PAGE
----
Visions of Babylon—and beyond
A clutch of books and two international exhibitions explore the famous ancient city, its culture and art
By John D.M. Green. Books, Issue 196, November 2008
Published online: 12 November 2008
The word “Babylon” conjures up highly evocative imagery and symbolism. The traditional western view of Babylon, as inherited from Biblical and Classical sources, evokes the monumental Hanging Gardens and Tower of Babel, the captive longing of the Jewish exile, Nebuchadnezzar’s might and descent into madness, and the Whore of Babylon. It can be argued that the continued allegorical and moralistic reinvention of Babylon throughout history and into modern times has much greater symbolic resonance than the very real ancient city of Babylon in southern Iraq. The latter is known through excavations from the 19th century onward revealing its walls, palaces and temples, colourful glazed brick friezes of lions and dragons, and among other treasures, clay prisms and cuneiform tablets.
Babylon in London
The exhibition “Babylon” opens at the British Museum this month (13 November-15 March 2009), marking the third and final stage of this year’s highly ambitious and successful collaboration with the Musée du Louvre and the Réunion des Musées Nationaux, Paris (“Babylone” at the former museum, 14 March-2 June), and the Staatliche Museen zu Berlin (“Babylon: Mythos und Wahrheit” at the Pergamonmuseum, 26 June-5 October). The British Museum exhibition catalogue Babylon: Myth and Reality and its counterpart gift book Babylon: City of Wonders, are co-edited by exhibition curators Irving Finkel and Michael Seymour. The catalogue contains contributions by Julian Reade, Andrew George, Joachim Marzahn, Jonathan Taylor and John Curtis. The books are slickly produced and well-illustrated, and the co-editors should be congratulated on their work in preparing books both accessible to the general reader, yet not short on fascinating detail and insight into the world of Babylon—its discovery and excavation, mythology, and legacy.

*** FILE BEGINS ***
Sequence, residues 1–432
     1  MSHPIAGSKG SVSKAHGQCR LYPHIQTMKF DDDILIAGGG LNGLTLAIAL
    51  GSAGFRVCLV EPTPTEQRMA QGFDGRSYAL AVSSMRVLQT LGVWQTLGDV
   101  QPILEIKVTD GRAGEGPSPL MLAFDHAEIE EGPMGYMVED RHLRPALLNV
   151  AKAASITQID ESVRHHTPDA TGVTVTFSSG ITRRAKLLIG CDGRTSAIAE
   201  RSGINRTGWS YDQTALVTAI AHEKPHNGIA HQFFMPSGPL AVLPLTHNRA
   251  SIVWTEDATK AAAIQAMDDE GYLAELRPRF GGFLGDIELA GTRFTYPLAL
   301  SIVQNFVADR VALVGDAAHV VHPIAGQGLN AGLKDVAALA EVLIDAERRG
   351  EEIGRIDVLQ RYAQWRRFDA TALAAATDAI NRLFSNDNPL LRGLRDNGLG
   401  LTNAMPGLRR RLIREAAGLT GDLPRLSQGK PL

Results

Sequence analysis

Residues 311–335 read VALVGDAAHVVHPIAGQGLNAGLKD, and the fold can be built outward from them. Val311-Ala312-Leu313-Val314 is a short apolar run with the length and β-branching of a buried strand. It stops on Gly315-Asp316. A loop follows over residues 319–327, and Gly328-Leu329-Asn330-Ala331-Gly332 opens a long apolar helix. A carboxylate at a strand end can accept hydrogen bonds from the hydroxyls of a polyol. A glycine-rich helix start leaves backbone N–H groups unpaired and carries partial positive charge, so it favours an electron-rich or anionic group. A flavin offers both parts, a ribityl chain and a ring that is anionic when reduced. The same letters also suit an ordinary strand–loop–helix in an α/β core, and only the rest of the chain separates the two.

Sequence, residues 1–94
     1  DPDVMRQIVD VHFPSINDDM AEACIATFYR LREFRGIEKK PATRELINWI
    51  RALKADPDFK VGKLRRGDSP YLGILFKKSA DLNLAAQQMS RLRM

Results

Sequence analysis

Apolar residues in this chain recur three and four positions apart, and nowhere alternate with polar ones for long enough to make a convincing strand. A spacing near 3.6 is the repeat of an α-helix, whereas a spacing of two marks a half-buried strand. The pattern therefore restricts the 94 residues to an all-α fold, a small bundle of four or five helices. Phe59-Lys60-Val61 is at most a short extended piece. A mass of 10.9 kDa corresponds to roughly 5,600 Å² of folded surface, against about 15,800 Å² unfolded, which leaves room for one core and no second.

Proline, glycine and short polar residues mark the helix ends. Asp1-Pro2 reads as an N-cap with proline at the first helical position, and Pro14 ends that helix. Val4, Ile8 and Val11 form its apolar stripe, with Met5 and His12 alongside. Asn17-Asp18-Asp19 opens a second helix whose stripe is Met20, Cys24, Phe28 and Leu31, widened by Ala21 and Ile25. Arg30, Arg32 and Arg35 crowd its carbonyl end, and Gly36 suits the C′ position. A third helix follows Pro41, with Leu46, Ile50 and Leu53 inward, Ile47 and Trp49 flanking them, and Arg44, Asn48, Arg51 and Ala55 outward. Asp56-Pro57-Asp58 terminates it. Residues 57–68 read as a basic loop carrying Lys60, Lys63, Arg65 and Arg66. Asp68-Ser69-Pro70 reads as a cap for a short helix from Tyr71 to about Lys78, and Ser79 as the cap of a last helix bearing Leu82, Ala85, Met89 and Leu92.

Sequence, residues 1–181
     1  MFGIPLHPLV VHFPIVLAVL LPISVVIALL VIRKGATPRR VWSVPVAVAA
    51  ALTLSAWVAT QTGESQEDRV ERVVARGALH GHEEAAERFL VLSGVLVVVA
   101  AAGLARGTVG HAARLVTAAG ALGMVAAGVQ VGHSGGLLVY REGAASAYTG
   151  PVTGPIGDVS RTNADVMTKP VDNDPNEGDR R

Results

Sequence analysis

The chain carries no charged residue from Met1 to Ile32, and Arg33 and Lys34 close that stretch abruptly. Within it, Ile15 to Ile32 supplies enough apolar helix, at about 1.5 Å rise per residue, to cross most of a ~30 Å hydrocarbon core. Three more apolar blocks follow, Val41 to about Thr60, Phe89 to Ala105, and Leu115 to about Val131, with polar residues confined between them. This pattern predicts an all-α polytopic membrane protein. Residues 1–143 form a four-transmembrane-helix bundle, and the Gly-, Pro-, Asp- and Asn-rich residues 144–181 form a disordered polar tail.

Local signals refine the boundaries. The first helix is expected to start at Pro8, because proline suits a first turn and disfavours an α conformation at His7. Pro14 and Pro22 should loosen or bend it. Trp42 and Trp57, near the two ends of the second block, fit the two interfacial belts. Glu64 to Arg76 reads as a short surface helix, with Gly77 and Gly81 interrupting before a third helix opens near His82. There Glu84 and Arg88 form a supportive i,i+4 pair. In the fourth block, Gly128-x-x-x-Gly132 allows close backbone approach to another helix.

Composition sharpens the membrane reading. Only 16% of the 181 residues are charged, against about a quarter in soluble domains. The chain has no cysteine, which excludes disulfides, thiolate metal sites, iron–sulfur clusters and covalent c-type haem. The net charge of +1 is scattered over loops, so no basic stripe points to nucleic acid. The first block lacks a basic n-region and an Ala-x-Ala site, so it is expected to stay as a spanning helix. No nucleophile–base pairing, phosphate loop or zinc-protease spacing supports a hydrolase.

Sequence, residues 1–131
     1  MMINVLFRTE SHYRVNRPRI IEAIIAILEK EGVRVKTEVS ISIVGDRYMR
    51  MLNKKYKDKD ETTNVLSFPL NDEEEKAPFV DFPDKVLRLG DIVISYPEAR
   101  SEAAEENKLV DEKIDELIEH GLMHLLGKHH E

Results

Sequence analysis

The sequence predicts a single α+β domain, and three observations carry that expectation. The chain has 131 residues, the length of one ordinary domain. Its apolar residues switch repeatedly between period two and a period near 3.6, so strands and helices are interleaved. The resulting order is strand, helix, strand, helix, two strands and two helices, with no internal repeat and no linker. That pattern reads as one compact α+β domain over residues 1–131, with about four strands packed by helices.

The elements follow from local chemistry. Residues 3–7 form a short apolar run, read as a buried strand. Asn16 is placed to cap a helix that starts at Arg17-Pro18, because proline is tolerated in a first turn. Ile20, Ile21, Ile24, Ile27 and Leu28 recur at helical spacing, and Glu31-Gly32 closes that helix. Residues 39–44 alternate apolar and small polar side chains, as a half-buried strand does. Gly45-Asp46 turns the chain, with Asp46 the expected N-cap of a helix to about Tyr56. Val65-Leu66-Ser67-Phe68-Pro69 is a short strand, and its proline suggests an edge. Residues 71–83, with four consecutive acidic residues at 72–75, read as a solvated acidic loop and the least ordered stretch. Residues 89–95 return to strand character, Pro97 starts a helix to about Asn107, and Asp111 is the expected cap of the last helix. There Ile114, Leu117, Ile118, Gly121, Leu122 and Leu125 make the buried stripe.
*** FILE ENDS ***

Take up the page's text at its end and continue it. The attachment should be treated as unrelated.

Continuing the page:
The catalogue is divided into four main sections entitled “The City of Babylon”, “Life and Letters”, “History and Legend”, and “The Legacy of Babylon”. Other than the exhibited pieces, the books draw upon art and artefacts from the partner museums, as well as previously unpublished British Museum objects. This gives a sense of the structure and size of the exhibition. The format differs markedly from the chronological approach in Paris, and the division between themes of myth and reality in Berlin. London’s show will be much smaller, more selective and by consequence much clearer in its melding of myth and reality. At its heart is Nebuchadnezzar II (605-562 BC), great builder of Babylon and ruler of an empire stretching from the Persian Gulf to Egypt. The book demonstrates how his city and the legacy of the neo-Babylonian era inspired countless historians, travellers, writers and artists over the centuries, from Herodotus to Rembrandt. In the section entitled “Legacy of Babylon”, Dr Finkel and Dr Seymour highlight the core elements of the catalogue and exhibition: “Firstly…what features embedded in our present world may be attributed to ancient Mesopotamian society: ideas, conventions and even scientific discoveries…Secondly, there is the name itself—living, evolving, and ever the substance of image and icon”.
“History and Legend” unravels the integrity of stories and myths as illustrated by oil paintings, engravings and illuminated manuscripts. These famous images are compared and contrasted with the archaeological reality of ancient text and image.